In this example, Example 1 was repeated except that both of Ga and In were omitted and Na was added as follows. In fact, LiF, NaF, CeF3, SrF2 and AlF3 powders, all of which are of ultra high chemical purities, were mixed together, so that the starting charge composition had a formula of LiCe0.01 Na0.01 Sr0.98 AlF6. The distribution coefficient of Ce was 0.042. Similar to Example 1, the amount of melt to be crystallized was calculated and found to be 53 wt %.

It is understood from the results of Examples 1-2 and Comparative Examples 1-2 that the amounts of melt to be crystallized according to Examples 1-2 are much higher than those according to Comparative Examples 1-2. This means that the rare-earth concentration change in the melt and in the crystal are much more suppressed in Examples 1-2 than in Comparative Examples 1-2. Therefore, according to Examples 1-2, it is possible to grow much more homogeneous crystals with respect to the rare-earth concentration. Furthermore, according to Examples 1-2, it is possible to crystallize a much more amount of the a melt, as compared with Comparative Examples 1-2. Therefore, according to Examples 1-2, it is possible to grow a crystal of much larger size, as compared with Comparative Examples 1-2.

EXAMPLE 3

In this example, Example 1 was slightly modified as follows. At first, LiF, CeF3, SrF2, GaF3, and AlF3 powders, all of which are of ultra high chemical purities, were mixed together, so that a first starting charge composition had a formula of LiCe0.006 Sr0.994 GaX Al1-X F6.006 where X is within a range from 0.001 to 0.6. Separately, LiF, CeF3, SrF2, InF3, and AIF3 powders, all of which are of ultra high chemical purities, were mixed together, so that a second starting charge composition had a formula of LiCe0.006 Sr0.994 InX Al1-X F6.006 where X is within a range from 0.001 to 0.6. Then, first and second single crystals were respectively grown from the first and second starting charge compositions in the same manners as that of Example 1. The distribution coefficient of Ce got closer to 1, as the value of X increased in the preparation of the first and second single crystals. It became maximum, when X was within a range from 0.1 to 0.2. It decreased from the maximum value, when X exceeded 0.2. When X exceeded 0.3, the obtained first and second crystals had a problem of inclusion (i.e., contamination with other crystals). When X increased to about 0.6, it became difficult to grow the crystal. Therefore, it is acknowledged that all the distribution coefficients of Ce in Example 3 exceeded that (0.032) of Comparative Example 1. In Example 3, there was obtained a relationship between -the distribution coefficient of Ce and the concentration of Ga or In added to the starting charge composition, and a graph of this relation is shown in Figure.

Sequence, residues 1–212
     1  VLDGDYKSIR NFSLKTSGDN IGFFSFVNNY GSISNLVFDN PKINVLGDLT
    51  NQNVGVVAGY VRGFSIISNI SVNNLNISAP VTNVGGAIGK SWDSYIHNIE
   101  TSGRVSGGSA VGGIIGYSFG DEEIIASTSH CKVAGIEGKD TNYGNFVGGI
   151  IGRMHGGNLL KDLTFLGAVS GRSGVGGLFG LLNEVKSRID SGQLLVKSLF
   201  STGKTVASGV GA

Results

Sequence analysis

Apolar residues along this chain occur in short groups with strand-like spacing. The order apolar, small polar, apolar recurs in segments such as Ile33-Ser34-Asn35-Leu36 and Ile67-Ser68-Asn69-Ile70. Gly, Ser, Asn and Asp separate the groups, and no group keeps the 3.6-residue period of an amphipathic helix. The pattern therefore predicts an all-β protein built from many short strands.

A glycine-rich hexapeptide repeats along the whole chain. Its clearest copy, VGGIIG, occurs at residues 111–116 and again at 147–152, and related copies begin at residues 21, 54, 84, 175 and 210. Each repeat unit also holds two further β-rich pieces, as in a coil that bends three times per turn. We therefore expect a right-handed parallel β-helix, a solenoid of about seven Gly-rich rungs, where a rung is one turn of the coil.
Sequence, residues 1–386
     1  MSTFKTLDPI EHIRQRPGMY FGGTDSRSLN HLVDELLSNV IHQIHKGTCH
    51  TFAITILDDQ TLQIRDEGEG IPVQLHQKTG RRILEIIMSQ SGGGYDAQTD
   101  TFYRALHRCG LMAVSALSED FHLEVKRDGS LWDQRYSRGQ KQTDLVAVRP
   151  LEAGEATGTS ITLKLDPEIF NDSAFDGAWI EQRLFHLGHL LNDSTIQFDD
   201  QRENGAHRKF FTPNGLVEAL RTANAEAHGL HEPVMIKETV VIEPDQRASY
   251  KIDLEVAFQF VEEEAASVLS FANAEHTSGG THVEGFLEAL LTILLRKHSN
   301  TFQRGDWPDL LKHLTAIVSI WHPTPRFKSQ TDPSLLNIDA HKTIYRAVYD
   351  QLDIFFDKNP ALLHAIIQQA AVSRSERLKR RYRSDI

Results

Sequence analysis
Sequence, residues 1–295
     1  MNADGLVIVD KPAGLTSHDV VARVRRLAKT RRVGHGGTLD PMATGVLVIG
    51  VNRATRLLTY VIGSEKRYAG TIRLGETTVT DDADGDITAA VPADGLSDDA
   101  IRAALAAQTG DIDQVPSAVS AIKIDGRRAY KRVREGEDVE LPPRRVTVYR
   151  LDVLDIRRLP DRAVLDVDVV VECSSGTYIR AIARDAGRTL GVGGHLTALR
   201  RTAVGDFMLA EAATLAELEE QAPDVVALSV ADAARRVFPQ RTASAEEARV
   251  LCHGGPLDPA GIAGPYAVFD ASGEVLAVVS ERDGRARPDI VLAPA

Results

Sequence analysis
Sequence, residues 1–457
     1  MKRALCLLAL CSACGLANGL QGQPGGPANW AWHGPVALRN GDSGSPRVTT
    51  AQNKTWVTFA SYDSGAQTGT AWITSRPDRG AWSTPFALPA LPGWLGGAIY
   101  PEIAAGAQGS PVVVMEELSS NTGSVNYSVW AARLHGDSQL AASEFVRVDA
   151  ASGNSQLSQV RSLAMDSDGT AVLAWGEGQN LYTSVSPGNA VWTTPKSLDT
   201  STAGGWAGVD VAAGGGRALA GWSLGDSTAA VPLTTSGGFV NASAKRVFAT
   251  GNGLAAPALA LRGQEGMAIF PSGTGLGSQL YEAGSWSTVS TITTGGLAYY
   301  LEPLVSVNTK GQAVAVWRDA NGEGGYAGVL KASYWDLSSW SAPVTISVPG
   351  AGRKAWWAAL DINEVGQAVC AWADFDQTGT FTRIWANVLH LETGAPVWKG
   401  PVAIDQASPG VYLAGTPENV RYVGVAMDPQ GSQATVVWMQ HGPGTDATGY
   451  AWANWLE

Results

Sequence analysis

Patent Citations
Cited PatentFiling datePublication dateApplicantTitle
US3649552 *Mar 31, 1967Mar 14, 1972Hughes Aircraft CoMethod for preparing high quality rare earth and alkaline earth fluoride single crystals
US3655332 *Jun 15, 1970Apr 11, 1972Foote Mineral CoPROCESS FOR PREPARING LITHIUM COMPOUNDS OF THE FORMULA LiMF{11 {0 WHEREIN M IS ARSENIC OR ANTIMONY
US5478498 *Dec 2, 1994Dec 26, 1995Tosoh CorporationDisordered fluorite-type photochemical hole burning crystal containing SM2+ as active ions
Non-Patent Citations
Reference
1C.D. Marshall et al. "Ultraviolet Laser Emission Properties of Ce3+ -doped LiSrAlF6 And LiCaAlF6 ", J.Opt.Soc.Am.B/vol. 11, No. 10 1994, pp. 2054-2065, Oct.
2 *C.D. Marshall et al. Ultraviolet Laser Emission Properties of Ce 3 doped LiSrAlF 6 And LiCaAlF 6 , J.Opt.Soc.Am.B/vol. 11, No. 10 1994, pp. 2054 2065, Oct.
Referenced by
Citing PatentFiling datePublication dateApplicantTitle
US6514435Mar 2, 2000Feb 4, 2003The United States Of America As Represented By The Secretary Of The NavyHigh density and fast persistent spectral holeburning in II-VI compounds for optical data storage
US6528234Mar 2, 2000Mar 4, 2003The United States Of America As Represented By The Secretary Of The NavyII-VI compounds as a medium for optical data storage through fast persistent high density spectral holeburning
Classifications
U.S. Classification423/263, 252/301.40H, 423/464, 501/123, 501/151, 501/152
International ClassificationC01F7/54, C30B29/12, C01G49/00, H01S5/00, C01F17/00, C01G51/00, C30B15/00, C01G53/00
Cooperative ClassificationC30B15/00
European ClassificationC30B15/00
Legal Events
DateCodeEventDescription
Jul 4, 2006FPExpired due to failure to pay maintenance fee
Effective date: 20060505
May 5, 2006LAPSLapse for failure to pay maintenance fees
Nov 23, 2005REMIMaintenance fee reminder mailed
Sep 26, 2001FPAYFee payment
Year of fee payment: 4
Aug 23, 1996ASAssignment
Owner name: CENTRAL GLASS COMPANY, LIMITED, JAPAN
Free format text: ASSIGNMENT OF ASSIGNORS INTEREST;ASSIGNOR:KUBOTA, YOSHINORI;REEL/FRAME:008163/0802
Effective date: 19960815
Apr 29, 1994ASAssignment
Owner name: MARKPOINT DEVELOPMENT AB, SWEDEN
Free format text: ASSIGNMENT OF ASSIGNORS INTEREST;ASSIGNORS:ANDERSSON, OVE;LARSSON, STIG-GORAN;REEL/FRAME:006999/0706
Effective date: 19930510